Macron, Le Pen Clash In Pre-Election Showdown

PARIS (Reuters) -

Far-right candidate Marine Le Pen and centrist Emmanuel& Macron clashed over their vision of France’s future and ways of handling terrorism in an ill-tempered broadcasted debate on Wednesday ahead of Sunday’s run-off vote for the presidency.

The two went into the debate with opinion polls showing& Macron, 39, maintaining a strong lead of 20 percentage points over the National Front’s Le Pen, 48, in what is widely seen as France’s most important election in decades.

For Le Pen, the debate, watched by millions, was a last major chance to persuade voters of the merits of her program that includes cracking down on illegal immigration and ditching the euro currency.

In angry exchanges, Le Pen played up& Macron’s background as a former investment banker and economy minister, painting him as a continuation of the outgoing unpopular Socialist government and a backer of rampant globalization. He accused her of not offering solutions to problems such as France’s chronic unemployment.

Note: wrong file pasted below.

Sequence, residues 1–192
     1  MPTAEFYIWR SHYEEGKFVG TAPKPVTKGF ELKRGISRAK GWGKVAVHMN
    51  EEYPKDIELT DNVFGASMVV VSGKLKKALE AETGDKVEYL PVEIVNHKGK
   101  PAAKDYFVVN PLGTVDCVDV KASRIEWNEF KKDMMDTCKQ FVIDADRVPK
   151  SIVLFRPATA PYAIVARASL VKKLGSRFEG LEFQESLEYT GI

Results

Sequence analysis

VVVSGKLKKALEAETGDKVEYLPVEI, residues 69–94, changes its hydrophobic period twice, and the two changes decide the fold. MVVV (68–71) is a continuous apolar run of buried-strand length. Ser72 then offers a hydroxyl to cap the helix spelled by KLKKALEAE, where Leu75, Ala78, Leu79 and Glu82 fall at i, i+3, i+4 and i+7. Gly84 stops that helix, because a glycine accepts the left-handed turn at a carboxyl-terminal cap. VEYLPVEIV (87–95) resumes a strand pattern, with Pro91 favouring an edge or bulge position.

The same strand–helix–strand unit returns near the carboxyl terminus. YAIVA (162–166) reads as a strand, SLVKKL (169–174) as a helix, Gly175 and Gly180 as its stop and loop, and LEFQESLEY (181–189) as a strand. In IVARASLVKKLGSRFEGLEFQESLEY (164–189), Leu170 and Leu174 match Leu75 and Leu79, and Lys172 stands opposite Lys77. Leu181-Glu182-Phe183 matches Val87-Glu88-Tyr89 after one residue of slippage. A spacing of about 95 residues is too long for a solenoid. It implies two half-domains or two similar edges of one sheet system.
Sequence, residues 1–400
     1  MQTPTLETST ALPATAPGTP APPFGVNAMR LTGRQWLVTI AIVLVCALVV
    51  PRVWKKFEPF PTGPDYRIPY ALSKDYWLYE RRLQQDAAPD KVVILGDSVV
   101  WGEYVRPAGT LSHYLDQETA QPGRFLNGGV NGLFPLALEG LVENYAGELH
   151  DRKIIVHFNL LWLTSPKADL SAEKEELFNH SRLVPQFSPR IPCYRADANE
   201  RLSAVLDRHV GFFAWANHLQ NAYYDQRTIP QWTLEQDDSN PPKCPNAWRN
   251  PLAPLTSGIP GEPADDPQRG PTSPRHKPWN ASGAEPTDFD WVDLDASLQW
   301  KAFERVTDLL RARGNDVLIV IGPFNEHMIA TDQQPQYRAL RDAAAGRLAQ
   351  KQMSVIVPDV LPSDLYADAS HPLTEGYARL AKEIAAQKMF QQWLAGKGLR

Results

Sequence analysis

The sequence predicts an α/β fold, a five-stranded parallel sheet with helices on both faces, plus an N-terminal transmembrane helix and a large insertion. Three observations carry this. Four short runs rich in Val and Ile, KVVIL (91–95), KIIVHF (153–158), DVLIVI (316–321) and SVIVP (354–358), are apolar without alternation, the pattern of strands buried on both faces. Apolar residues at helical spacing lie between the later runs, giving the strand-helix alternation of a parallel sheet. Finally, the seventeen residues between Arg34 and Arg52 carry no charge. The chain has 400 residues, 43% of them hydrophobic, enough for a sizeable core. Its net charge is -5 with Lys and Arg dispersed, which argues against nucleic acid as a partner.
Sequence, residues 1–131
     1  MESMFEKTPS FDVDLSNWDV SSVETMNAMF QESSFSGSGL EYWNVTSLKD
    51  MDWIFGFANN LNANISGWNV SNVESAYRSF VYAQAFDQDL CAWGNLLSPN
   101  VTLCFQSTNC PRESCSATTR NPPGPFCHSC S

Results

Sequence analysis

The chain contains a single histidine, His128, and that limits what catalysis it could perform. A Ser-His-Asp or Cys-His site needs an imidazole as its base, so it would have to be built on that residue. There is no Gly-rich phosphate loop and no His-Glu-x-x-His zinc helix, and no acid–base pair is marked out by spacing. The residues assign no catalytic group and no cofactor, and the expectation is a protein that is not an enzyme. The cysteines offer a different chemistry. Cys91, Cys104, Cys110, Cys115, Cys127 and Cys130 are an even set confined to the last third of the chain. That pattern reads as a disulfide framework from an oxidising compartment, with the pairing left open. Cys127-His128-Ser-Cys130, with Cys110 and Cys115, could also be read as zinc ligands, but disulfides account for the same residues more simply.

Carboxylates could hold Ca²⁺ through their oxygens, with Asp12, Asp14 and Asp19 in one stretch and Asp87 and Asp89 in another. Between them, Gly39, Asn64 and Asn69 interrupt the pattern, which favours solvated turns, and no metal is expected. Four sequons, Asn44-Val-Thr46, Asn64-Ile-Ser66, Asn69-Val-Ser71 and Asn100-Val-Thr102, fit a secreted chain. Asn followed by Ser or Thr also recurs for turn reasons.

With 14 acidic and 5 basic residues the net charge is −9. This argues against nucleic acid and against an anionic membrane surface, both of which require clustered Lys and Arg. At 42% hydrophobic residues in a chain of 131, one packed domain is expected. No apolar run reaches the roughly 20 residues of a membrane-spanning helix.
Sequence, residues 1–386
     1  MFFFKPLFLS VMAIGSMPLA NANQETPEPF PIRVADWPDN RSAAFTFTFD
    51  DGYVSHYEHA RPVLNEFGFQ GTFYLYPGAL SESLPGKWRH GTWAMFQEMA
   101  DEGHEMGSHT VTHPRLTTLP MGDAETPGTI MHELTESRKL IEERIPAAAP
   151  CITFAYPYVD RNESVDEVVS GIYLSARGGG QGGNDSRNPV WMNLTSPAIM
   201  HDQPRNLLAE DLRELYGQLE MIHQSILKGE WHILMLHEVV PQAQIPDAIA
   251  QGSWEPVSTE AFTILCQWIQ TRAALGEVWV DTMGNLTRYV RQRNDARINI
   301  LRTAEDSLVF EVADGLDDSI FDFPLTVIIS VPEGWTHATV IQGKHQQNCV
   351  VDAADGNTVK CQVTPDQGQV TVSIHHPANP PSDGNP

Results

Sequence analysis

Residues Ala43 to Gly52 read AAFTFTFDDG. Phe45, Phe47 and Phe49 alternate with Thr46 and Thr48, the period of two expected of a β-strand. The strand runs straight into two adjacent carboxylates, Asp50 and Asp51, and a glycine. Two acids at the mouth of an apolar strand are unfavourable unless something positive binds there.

But the sharpest exchange was over national security, a sensitive issue in a country where more than 230 people have been killed by Islamist terrorists since 2015.

Le Pen accused& Macron& of being complacent in confronting the threat of Islamist fundamentalism. “You have no plan (on security) but you are indulgent with Islamist fundamentalism,” she said.

Macron& retorted that terrorism would be his priority if he is elected and accused Le Pen of being simplistic. “What you are proposing is snake oil,” he said, referring to her proposals to close France’s borders.

“I will lead a fight against Islamist terrorism at every level. But what they are wanting, the trap they are holding out for us, is the one that you offer — civil war,” he said.